Springfield man was the right guy to attend Reds game at Field of Dreams

Credit: Bill Lackey

Credit: Bill Lackey

Let’s imagine Family Feud dropped in at the Springfield Elks Club and asked 100 people in the studio audience “Who would you be happiest to find out made it to the Field of Dreams game the Reds played against the Chicago Cubs?” Moments later, after discovering that all 100 people had given the same answer, Steve Harvey would say: Survey says — hey, who is this Spanky Rinker, anyway?

As tons of Springfielders know, Don “Spanky” Rinker, ran and then owned the now defunct Meeks Sporting Goods store. As well liked as the day is long, he may have spent more time on area baseball diamonds and football fields in the past 95 years than chalk and dust.

Although he gave up softball five years ago, Rinker still plays golf and has been a Reds season ticket holder since 1974, the summer Gerald Ford stepped on the mound to relieve Richard Nixon.

But, in a way, the story of his trip to the Field of Dreams games goes back farther than that — to 1960, the year Frank Robinson and Billy Martin played for the Redlegs and the year Rinker’s late wife, Ginger, wanted a girl to go with the boy they already had.

That was taken care of with a trip to Columbus and through the services of the attorney Bill Hicks — “the old Bill Hicks,” Rinker said, to distinguish him from the comparatively younger one who also is a Springfield attorney.

Although the couple was thrilled when they returned, their emotion was not universally shared.

Don Rinker still doesn’t know why his father-in-law, a millwright at the old International Harvester plant, was unhappy about the adoption. He is entirely certain that, “she became his best friend when she was about this tall.”

Kim Rinker was, in fact, Horatio Johnson’s “doll baby,” Rinker said.

“They used to come over on nights when I refereed (football).”

Because of their genetic disconnect, Rinker denies having anything to do his daughter’s intelligence, which aided her success in studies and in the violin section at North High School. From the start, the girl also knew what she liked.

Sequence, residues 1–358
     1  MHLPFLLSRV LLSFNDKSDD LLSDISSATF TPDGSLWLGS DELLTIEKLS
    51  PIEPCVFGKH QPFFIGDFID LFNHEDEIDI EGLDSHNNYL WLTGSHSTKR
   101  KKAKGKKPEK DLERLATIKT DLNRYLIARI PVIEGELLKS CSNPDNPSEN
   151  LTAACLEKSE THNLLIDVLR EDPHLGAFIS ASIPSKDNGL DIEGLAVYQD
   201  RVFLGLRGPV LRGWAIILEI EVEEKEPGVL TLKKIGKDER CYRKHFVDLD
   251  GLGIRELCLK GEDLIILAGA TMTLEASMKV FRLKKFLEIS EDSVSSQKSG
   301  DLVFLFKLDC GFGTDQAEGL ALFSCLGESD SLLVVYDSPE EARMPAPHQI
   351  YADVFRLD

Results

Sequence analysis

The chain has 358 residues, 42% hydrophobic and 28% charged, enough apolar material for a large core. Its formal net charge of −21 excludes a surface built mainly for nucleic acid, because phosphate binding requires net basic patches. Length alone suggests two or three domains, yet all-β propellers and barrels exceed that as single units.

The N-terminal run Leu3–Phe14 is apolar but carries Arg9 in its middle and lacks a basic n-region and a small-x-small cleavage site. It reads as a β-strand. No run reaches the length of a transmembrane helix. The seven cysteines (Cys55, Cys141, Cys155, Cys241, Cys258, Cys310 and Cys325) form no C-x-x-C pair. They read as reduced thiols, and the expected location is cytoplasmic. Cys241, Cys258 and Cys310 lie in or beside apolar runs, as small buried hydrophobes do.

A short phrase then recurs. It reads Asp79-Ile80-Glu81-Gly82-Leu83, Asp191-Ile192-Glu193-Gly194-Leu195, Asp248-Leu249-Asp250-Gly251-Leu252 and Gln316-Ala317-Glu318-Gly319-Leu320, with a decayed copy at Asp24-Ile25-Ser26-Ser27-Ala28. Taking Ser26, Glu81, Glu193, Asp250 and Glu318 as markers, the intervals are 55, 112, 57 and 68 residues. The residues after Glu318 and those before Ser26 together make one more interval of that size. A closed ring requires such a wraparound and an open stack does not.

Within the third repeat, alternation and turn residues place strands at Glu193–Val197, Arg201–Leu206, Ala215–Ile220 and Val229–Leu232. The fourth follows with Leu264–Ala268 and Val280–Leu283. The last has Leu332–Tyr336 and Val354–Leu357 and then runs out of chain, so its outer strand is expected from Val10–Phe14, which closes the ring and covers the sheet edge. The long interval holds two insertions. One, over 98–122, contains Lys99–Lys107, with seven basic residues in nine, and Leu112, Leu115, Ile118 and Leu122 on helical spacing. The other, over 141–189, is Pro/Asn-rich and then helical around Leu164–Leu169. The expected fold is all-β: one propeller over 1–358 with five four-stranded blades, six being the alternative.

At young Kim’s request, “Her mother took her out to a farm out near Enon out the back a road someplace,” Rinker said. There, she met a horse and her future was set.

During her high school years, “They advertised for someone to work on a farm in Switzerland,” Rinker said, “so she signed up. She’d never worked on a farm, and she went over for the summer by herself.”

With a writing talent developed at the Ohio State School of Journalism, she then forged a career in racing, sketched out by writer Marty Evans in 2015 when the Ohio Racing Commission hired her as director of its Standardbred Development fund:

Rinker has a 35-year involvement in the sport of harness racing as a writer, publicist and author. She served on the publicity staffs of Sportsman’s Park, Scioto Downs, Maywood Park, Balmoral Park, and The Meadowlands, and has written for some of racing’s top …. She is the author of eight books, including Chicago’s Horse Racing Venues and An Adventure Guide to Switzerland.

Rinker has also been involved as a trainer-driver, competing mostly on the Chicago circuit, and in 1995 represented the United States in the International Drivers Championship in Moscow, Russia as the lone female vying against 15 male rivals from various countries.